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Yoga

(Dreamcatcher Interactive; US: 7 Dec 2009)

In what is becoming one of gaming’s most perplexing conundrums, here is yet another exercise game for the Wii that fails miserably. Starting off with lofty goals to instill the player with a sense of awe and history for the practice of Yoga and ending up being a badly-written talking head, Yoga is an exercise in someone expecting their subject matter and content to carry their game at the expense of everything else. What makes the game’s failure irritating is that the Wii Fit system is not exactly difficult to copy.


The game is divided into a story mode, short exercise routines, and longer work-outs. Video sequences introduce you to the game before letting you pick from three spiritual guides to be your yoga partners. Some of the routines are organized around pain centers or working out a specific portion of the body, but you can’t put any together on your own. If selected, story mode will consist of your guide leading you around Yog Shala. While in real life this is the name of an expensive international Yoga franchise, in the game it’s a mystical place full of statues and Chakras. Your guide will take you around each level of Yog Shala, explaining the history and meaning of each Chakra. Sometimes they’ll let you do the move that they’re describing, other times the game simply marches you to another lecture point. You have no control over this process, you just sit and watch for five to ten minute periods until you’re asked if you want to try a move. Saying no does not impede progress, you just keep ascending the levels of Yog Shala until you get to the highest point. I’m not totally sure how historically accurate this portion was, but it was at best a glorified history lecture and at worst the most skippable thing that I’ve ever seen in a video game.


The real problem with this game is the actual yoga sections. I’m going to be making comparisons to Wii Fit at this point because, for better or worse, it’s the standard by which all other Wii exercise games are going to be judged. In terms of the poses themselves, there really isn’t much point in actually using the Wii Fit Board. The game does not use sound to give you any feedback on your balance or positioning. In addition to being generally unresponsive, the only way that you know you’re doing a pose wrong is that the foot symbol turns from red to blue. This means that you have to keep looking at the screen to see what the game thinks of what you’re doing, which gets difficult if you’re doing a moderately complex pose. Making this worse is that the instructor will never talk when it’s time to move or give any basic instructions, nor is there even a breathing rhythm to set yourself to. You just watch and mimic what a clunky 3-D avatar is doing on the screen. This is absolutely essential to any Yoga workout. The major benefit of using a video game over watching a DVD or going to a studio is the feedback. The game tells you when you’re off and gives you more direct control over the pace of the workout. The game fails in all of these departments.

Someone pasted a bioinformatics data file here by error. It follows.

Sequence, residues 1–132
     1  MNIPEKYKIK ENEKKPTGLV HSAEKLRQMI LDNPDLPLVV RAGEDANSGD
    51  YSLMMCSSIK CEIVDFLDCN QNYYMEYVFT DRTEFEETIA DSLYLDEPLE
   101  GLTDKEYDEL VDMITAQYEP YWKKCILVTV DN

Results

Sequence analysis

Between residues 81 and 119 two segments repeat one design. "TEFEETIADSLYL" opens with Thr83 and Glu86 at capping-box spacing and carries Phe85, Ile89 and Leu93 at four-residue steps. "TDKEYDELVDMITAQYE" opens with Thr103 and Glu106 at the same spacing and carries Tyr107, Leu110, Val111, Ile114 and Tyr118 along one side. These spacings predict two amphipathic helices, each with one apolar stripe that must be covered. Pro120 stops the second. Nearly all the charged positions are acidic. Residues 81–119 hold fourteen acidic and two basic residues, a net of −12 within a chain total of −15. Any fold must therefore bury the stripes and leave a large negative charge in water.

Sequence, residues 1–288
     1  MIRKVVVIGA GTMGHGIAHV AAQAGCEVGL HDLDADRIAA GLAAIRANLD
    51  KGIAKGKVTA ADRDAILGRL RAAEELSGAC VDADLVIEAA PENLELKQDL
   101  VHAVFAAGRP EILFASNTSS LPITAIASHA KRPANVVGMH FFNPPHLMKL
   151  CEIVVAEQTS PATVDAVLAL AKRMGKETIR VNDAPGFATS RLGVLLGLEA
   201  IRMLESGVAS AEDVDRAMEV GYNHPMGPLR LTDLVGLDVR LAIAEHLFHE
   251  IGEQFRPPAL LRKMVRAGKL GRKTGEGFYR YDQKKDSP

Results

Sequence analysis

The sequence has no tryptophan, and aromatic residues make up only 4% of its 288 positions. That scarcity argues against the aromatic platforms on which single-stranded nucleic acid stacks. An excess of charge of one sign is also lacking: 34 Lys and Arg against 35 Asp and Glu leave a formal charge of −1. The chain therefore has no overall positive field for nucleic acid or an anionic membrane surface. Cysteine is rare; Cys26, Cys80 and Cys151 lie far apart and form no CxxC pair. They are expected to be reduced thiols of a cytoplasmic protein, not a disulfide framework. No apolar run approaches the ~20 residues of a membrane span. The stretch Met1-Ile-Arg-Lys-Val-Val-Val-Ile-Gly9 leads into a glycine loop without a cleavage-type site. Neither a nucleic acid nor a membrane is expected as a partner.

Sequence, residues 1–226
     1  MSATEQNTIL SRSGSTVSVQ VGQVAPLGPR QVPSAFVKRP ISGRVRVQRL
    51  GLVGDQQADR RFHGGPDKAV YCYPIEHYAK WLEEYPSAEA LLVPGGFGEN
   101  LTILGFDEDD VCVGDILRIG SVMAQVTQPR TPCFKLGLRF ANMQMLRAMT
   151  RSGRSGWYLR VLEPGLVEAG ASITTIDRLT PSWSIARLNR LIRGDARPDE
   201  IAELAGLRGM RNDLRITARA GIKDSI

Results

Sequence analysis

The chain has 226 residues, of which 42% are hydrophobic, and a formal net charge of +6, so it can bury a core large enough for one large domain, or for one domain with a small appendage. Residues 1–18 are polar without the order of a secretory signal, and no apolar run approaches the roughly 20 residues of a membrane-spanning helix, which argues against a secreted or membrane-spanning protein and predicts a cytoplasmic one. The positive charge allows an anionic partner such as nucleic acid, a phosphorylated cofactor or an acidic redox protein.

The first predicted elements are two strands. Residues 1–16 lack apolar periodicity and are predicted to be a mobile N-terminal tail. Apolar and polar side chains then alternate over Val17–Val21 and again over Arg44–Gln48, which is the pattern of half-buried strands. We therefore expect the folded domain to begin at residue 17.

Out of all the exercise games that I’ve played for the Wii at this point, I’d have to say Yoga is the worst one by far. It doesn’t achieve this by being buggy or having bad voice acting. It doesn’t win this accolade because its subject matter is handled poorly or because yoga is somehow incompatible with games or the Wii. It deserves this because here is a video game where you are better off getting a cheap DVD than bothering with the interactive version.

Rating:

L.B. Jeffries is the pseudonym of a law student from South Carolina. After majoring in English, L.B. wandered around the resort scene in California, taught a little creative writing in Vermont, and ended up dead broke on the lower east side of Manhattan. A year of working for the government convinced him that there are some things worse than death so he took the LSAT. He continues to maintain his sanity and artistic sensibilities by posting a weekly on the PopMatters blog, 'Moving Pixels', providing game reviews, and whatever else captures his fancy.


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